Best time of day to inoculate with NA
Different self-treaters prefer to inoculate at different times during the day.
Body sites used for hookworm inoculation
The inside of the forearm or bicep is a good choice because it is convenient to access in order to treat the rash with creams or apply hot air from a hair dryer, but inoculation too close to the armpit can cause lymph nodes there to swell. Inoculation high on the inner thigh - and even occasionally on the outer thigh  - can cause painfully raised lymph nodes in the groin, which can be uncomfortable when walking. 
Many hookworm hosts have found that repeatedly using the same site results in a more robust skin reaction, and that varying the site effectively reduces both the rash and the itching.
Sites that have been used include the following, starting with the feet and moving up to the shoulder.
One site that should be avoided is the thumb!
Oral inoculation with NA is not recommended
There are several reasons why it is not recommended to swallow NA larvae.
1. While oral inoculation has been shown to be effective with some hookworm species, such as the dog hookworm, Ancylostoma caninum,  and the human hookworm, Ancylostoma duodenale,  oral inoculation with Necator americanus has been found to be ineffective, possibly because passage through the lungs is omitted.
2. L3 hookworm larvae are particularly susceptible to acid, so there must be some developmental change that occurs during the few days that they normally take to travel from the skin to the stomach which enables them to survive the harsh, acidic gastric environment. Hotez and colleagues have reported that, following entry into the host via the skin, L3 larvae receive a signal present in mammalian blood and tissue that causes them to resume development and secrete bioactive polypeptides.   Larvae that are swallowed will obviously not experience this trigger.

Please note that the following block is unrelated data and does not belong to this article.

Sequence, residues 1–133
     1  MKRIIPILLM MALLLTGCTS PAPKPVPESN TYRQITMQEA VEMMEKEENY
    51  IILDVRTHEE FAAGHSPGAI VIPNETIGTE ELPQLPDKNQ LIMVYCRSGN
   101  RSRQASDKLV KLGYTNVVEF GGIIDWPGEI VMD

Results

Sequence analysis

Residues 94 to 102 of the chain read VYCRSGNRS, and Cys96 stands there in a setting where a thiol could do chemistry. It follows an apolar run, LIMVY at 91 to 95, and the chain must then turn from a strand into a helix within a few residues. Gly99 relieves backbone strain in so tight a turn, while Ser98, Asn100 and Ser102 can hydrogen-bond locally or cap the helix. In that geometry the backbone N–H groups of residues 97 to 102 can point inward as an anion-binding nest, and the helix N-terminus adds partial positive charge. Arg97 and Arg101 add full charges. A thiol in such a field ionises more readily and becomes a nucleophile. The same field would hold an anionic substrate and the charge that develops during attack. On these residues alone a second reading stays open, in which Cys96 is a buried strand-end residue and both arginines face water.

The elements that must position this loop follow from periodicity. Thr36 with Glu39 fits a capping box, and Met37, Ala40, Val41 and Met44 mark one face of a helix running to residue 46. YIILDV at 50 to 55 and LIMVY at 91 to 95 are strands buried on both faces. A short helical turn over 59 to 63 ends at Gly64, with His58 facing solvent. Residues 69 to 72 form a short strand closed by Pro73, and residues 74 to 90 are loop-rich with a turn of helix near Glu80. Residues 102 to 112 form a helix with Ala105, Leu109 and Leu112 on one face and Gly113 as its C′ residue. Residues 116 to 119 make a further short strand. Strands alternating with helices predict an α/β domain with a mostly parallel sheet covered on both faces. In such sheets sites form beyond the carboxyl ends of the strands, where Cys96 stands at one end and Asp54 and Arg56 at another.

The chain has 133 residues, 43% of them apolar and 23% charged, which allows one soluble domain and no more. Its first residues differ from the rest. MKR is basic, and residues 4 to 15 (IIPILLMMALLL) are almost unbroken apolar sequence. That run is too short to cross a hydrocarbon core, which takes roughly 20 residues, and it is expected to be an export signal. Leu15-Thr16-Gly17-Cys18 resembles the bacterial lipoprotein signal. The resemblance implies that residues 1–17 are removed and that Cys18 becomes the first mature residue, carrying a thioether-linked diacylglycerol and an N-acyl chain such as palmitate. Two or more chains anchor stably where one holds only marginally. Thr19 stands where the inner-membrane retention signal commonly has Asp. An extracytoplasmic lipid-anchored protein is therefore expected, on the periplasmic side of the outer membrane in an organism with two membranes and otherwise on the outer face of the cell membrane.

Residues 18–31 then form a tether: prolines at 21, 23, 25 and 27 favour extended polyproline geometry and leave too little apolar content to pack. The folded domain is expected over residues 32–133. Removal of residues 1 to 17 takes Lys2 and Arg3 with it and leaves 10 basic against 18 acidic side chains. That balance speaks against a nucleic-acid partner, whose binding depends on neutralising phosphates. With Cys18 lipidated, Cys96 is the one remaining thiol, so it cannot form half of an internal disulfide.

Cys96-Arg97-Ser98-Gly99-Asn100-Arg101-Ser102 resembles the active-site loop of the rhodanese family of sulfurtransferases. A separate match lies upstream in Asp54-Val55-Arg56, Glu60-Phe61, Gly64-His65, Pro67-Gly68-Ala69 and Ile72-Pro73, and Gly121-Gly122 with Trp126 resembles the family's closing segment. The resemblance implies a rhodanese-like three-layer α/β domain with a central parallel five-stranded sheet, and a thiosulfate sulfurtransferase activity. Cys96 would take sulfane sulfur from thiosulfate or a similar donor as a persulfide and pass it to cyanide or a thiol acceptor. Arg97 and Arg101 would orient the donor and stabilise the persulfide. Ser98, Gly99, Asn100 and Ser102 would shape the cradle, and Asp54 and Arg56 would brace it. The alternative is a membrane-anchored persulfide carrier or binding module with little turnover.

3. Hookworms have probably taken the same route throughout most of their long co-evolution with mankind, so they are likely to try to follow the same pathway irrespective of where they actually enter the body. Therefore, unless they are encapsulated, larvae that are swallowed may still be looking for skin, and might mistake the lining of the mouth or throat for external skin and enter via these surfaces. Nagahana, et al., have reported that N. americanus L3 larvae will invade the buccal epithelium if they enter through the mouth. (Nagahana M, et al. Experimental studies on the oral infection of Necator americanus. III. Experimental infection of three cases of human beings with Necator americanus larvae through the mucous membrane of the mouth. Japanese Journal of Parasitology. 1963;12:162–167.) Since some people experience significant swelling at the inoculation site, there is a potential for blockage of the throat if larvae were swallowed.
4. Oral inoculation does not provide the visible confirmation of dose viability that is common with successful percutaneous inoculation. So, unless the worms have been cultured by the person inoculating, or they have a microscope with which to check the viability of doses received from other sources, they might unknowingly swallow a dose of dead worms, which could delay the progress of their treatment.
Possible side effects after inoculation with NA
See the following pages.
Inoculation with TTO
TTO are taken orally in a drink.
Possible side effects after inoculation with TTO
See the following page section.
Inoculation with TSO
TSO are taken orally in a drink.
Possible side effects after inoculation with TSO
See the following page section.
Inoculation with HDC
HDC are taken orally in a drink, preferably something containing fat to help promote the growth of the cysticerci. Milk will work well, or a single fish oil capsule can be taken with any other liquid.
Possible side effects after inoculation with HDC
See the following page section.